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Major Electrolyte Levels in the Blood: Sodium

Major Electrolyte Levels in the Blood: Sodium
Coming up next: Major Electrolyte Levels in the Blood: Chloride

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  • 0:31 Sodium
  • 3:57 Hypernatremia
  • 6:05 Hyponatremia
  • 8:01 Lesson Summary
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Lesson Transcript
Instructor: Artem Cheprasov
This lesson discusses the electrolyte sodium. We will go over what it is, why it's important, and what may cause the relative levels of sodium to increase or decrease in the body.

An Important Component of Salt

Nowadays, salt is everywhere. It's on our roads during the winter time and in the food we eat. But too much salt on our roads eats away at our cars, and too much salt in our body can really hurt us.

But part of the compound that makes up salt is actually useful to our body in normal amounts, and can tell us quite a bit about what's going on inside a person if imbalances of it are found on blood work.

This part of salt is called sodium and we'll be discussing its importance in life and in medicine.

What Is Sodium?

Let's take a look at the good old periodic table. You probably groaned as I said that. But I want you to be able to understand the fundamental parts first, so you can better appreciate the more complex ones later.

In the left-most column of the periodic table is a symbol that's spelled Na. This is the symbol for sodium. It is one half of NaCl. NaCl is also known as sodium chloride, or, more colloquially, as table salt, that's found in too high a quantity in many of the foods we eat.

In our biological systems, sodium is an electrolyte. An electrolyte is a compound that becomes an ion when dissolved in a solvent. A solvent is something that dissolves something else.

For example, if you go to the kitchen right now and dump some table salt, our compound, into a glass of water, you'll notice that the salt dissolves within it. The water is dissolving the salt. Therefore, the water is the solvent.

The salt dissolves in the water and forms into ions. An ion is an atom with too many or too few electrons (the negatively charged particles that make up an atom). When dissolved, sodium forms a cation that is represented as Na+. A cation is an ion with a positive electrical charge. The other half of our dissolved salt is made up of chloride, represented by Cl-. Chloride is an anion, an ion with a negative electrical charge, hence the minus sign after it.

The way I remember that a 'c'ation has a positive charge is because a cation has a 'c'ross (plus sign) next to it, with both 'cation' and 'cross' starting with the letter 'c'. By default, an anion has to have a negative sign next to it.

I'm telling you all of this for a reason. These charges, which the electrolytes in our body carry, are important factors in making sure the cells in our body function properly. For instance, without these electrical charges found on the cations and anions in our body, our nerve cells wouldn't be able to signal to one another. This means we wouldn't be alive, period.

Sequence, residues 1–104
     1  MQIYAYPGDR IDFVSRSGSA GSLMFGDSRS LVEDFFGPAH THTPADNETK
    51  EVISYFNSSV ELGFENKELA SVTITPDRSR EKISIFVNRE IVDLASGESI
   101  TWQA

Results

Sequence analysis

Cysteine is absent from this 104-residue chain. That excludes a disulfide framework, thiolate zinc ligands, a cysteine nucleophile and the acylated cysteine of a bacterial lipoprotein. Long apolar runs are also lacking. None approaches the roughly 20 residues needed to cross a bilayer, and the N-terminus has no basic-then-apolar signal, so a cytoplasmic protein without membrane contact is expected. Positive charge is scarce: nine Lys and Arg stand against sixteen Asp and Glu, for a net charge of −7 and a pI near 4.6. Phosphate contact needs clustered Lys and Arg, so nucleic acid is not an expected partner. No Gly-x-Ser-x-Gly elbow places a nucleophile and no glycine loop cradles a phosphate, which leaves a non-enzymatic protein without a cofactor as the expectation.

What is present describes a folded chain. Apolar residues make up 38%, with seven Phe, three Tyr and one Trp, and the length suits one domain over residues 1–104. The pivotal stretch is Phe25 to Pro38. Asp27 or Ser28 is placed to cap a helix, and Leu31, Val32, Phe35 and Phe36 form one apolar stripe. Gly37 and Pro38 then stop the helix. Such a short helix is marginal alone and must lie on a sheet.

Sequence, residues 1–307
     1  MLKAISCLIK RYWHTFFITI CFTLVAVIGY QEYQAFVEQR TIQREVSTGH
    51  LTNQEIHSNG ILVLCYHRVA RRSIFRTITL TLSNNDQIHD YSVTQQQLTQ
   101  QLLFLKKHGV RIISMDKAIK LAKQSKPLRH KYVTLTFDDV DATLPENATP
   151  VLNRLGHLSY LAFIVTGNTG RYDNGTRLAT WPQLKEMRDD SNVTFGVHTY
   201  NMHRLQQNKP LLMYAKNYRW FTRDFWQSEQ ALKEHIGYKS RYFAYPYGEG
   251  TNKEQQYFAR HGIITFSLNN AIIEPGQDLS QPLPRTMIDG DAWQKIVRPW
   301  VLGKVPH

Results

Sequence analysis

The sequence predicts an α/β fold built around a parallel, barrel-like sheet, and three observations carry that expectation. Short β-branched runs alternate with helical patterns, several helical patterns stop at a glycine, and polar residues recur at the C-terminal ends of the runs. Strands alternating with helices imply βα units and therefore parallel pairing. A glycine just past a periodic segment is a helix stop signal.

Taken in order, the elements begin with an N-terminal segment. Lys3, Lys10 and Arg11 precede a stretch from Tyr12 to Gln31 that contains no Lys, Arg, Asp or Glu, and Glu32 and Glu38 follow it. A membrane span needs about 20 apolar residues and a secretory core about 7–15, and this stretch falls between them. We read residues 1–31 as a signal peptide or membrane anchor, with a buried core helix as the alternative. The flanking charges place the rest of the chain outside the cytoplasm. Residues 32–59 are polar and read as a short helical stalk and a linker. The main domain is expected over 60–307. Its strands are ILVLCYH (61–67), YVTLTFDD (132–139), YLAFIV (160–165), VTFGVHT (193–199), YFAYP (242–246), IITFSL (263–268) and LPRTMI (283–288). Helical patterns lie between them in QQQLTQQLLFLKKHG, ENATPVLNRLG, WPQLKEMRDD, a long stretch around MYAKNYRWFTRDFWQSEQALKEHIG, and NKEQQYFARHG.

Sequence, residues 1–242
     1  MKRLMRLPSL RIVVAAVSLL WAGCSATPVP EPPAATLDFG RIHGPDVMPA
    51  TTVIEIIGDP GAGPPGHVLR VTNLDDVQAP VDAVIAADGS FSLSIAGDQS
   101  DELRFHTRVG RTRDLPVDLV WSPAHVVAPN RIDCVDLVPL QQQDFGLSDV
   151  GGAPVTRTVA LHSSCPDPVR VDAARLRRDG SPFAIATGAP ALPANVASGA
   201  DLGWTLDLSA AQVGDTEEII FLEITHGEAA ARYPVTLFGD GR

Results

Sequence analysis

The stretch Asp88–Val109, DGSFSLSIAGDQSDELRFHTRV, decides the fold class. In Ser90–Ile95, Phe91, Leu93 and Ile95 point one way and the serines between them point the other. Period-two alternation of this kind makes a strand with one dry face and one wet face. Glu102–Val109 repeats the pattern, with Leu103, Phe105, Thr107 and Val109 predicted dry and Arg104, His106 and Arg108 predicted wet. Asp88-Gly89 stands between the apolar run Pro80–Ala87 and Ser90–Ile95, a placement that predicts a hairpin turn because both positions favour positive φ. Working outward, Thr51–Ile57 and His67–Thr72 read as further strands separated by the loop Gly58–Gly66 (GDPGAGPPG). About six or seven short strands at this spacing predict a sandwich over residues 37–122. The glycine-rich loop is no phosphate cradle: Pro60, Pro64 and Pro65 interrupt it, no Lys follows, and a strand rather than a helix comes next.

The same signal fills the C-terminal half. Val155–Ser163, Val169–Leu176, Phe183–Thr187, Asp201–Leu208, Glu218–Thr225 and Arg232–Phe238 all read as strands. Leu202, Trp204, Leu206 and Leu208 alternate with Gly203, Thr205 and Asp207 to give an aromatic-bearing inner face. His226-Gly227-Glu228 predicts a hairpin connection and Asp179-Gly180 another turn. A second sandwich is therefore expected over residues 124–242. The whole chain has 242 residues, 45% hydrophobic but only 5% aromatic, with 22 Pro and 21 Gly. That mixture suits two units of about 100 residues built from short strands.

With that in mind, you should know that sodium is the most important extracellular cation. That is to say, it is the most important cation found outside of cells in our body.

Sodium helps to regulate blood pressure, nerve conduction, muscle contraction, and much more! No sodium, and you'd go limp! Too much sodium and you could die, too!

Because of this, your body does whatever it can to ensure that the concentration of sodium within your body remains constant so that these biochemical processes can function properly.

By the way, the concentration of sodium refers to how much sodium is dissolved within a set amount of fluid. Let's go back to our kitchen to explain this. If you pour a cup of water and add one teaspoon of salt, there will be a set amount of sodium dissolved in that specific amount of water. That is your concentration. If you put two teaspoons of salt into the same volume of water instead, then the concentration of sodium would be higher this time around, since the amount of water stayed the same but the amount of salt put into that same volume of water increased two-fold. This will be a very important point to remember for the rest of this lesson.

Causes of Hypernatremia

When the concentration of sodium serum is abnormally high, with a concentration above 145 mEq/L we term this hypernatremia. The serum is the part of your blood that contains electrolytes and its electrolyte measurements are reflective of what's going on with the electrolyte balance in your body as a whole.

Don't worry about the details of what mEq/L means for our lesson - just understand that it's a term that reflects an electrolyte's concentration.

What I'd like for you to realize instead is that the definition implies that it's not all about the amount of sodium in the body, it's about the amount of it relative to the water it is dissolved in. And one of the biggest reasons you may have an increase in concentration of sodium in the body is if you don't get enough water or lose too much of it. In other words, you're dehydrated. It's something we can all relate to.

Dehydration implies you don't have enough water in your body. If the amount of water decreases, and the amount of sodium in your body stays the same, then you become hypernatremic, or in a state of hypernatremia. If the amount of sodium in your body decreases but the amount of water decreases even more, you'd still be considered hypernatremic despite the loss of sodium.

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